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Halloween Calamondin

Calamondin are the easiest of the citrus trees to look after and make a great gift for a citrus beginner.
Current Description
This spookier version of our popular calamondin tree make a really unusual gift for Halloween whether to cheer someone up or to dress the windowsil on All Hallows Eve. Delivered with at least 4 bright orange fruits decorated with quirky handdrawn 'faces' and a 'Happy Halloween' motif on the pot - just as pictured. The fruits are still edible and would look great as drink garnishes.
40cm high in 1L pot
Halloween Calamondin     Halloween Calamondin     Halloween Calamondin
Halloween Calamondin
Care Instrictions

These instructions are sent with the plant gift

This little orange tree has both decorative fruit and fragrant flowers – sometimes both at once. It is a Calamondin – a cross between a kumquat and a mandarin and is the easiest citrus tree to grow indoors. It can bring pleasure for years with the right care.

Citrus trees, like lots of natural light and a cool room, but keep out of cold draughts. A light room near a window or a conservatory is ideal. In winter, try and keep your tree away from central heating. In the heat of Summer, you can put your plant outside on a sheltered patio and it will enjoy the fresh air. Bring it back inside when there is a nip in the evening air. Your plant will start to suffer in temperatures below 8˚C.

Water your tree thoroughly from the top when the top of the soil is bone dry. This might be once or twice a week in the winter and as often as every day in hot weather. Try to ensure that the water runs right through the pot and out of the holes in the bottom. The roots should not be left to stand in water so do let the extra water drain away. A citrus feed added to the water every couple of weeks can also help to maintain a healthy plant.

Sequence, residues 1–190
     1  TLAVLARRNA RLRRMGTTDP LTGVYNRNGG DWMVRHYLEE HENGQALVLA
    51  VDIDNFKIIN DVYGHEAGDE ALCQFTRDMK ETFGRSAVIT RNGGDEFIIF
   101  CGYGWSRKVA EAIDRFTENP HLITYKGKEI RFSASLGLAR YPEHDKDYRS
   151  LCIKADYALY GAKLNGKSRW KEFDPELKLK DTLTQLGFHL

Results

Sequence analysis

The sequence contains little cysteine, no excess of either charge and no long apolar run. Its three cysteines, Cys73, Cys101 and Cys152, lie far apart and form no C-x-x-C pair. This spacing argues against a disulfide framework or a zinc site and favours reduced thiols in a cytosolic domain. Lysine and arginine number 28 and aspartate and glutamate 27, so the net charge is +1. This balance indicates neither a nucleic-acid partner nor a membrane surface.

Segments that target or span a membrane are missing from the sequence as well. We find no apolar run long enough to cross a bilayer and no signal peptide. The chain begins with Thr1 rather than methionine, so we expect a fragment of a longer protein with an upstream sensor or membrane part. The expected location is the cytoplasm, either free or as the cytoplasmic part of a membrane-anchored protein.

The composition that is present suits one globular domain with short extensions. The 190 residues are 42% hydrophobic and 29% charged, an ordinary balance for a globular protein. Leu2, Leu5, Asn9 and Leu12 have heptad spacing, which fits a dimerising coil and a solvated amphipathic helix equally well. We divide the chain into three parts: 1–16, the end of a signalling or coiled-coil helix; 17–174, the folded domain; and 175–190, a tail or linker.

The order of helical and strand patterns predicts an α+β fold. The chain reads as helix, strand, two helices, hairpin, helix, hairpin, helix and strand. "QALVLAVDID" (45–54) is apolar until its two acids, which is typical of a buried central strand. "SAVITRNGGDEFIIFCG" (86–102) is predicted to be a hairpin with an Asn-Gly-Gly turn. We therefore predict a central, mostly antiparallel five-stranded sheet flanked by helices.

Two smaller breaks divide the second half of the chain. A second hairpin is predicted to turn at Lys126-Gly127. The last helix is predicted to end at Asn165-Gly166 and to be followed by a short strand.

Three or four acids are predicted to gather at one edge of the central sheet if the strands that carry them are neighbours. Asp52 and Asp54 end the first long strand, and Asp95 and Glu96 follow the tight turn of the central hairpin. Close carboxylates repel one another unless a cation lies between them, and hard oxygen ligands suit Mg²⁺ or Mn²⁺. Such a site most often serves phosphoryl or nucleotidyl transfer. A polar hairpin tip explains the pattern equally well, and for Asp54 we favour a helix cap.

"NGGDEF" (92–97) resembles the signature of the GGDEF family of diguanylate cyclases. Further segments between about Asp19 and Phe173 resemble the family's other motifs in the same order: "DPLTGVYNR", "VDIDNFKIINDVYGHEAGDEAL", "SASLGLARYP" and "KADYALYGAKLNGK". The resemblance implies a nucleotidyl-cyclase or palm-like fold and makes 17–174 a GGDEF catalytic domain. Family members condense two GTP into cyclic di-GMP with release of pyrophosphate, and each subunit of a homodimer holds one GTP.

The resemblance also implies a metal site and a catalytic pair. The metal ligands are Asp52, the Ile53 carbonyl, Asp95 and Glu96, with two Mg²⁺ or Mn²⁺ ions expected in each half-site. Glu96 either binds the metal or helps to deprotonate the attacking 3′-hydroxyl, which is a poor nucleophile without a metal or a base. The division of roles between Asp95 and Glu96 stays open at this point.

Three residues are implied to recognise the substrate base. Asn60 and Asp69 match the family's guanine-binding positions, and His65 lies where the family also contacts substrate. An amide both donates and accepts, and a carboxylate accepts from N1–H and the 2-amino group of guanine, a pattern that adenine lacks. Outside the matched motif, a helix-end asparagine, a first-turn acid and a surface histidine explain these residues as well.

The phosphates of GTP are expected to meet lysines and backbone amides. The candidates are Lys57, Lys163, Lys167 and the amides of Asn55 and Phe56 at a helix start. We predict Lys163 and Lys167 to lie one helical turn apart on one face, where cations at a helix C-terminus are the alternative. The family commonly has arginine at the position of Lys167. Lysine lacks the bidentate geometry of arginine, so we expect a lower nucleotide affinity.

These dwarf trees can grow to a maximum of two metres, producing masses of fruit every year. The fruits of this tree are very tart. However, they make a refreshing and unusual addition to cold drinks, they can be used in place of other citrus in fish and game dishes and make a wonderful marmalade!

Problem Solving

Overwatering, underwatering and shock can all be the cause of leaf drop. One or two leaves is not something to worry about but more than 10 and your plant is not happy. However, in most cases, return to a regular watering routine and temperature will lead to recovery.

If the new growth on your plant is very light in colour or has a mottled look, it is likely that your plant is lacking one of the trace elements. A good citrus feed added when watering should soon colour the leaves up, we sell our own formula summer and winter citrus feed on our website. In the unlikely event that you find any pests (e.g. aphids or caterpillars) on your plant use a soft soap or pest spray to wash off the offending creatures and pick off any damaged leaves to keep the plant tidy.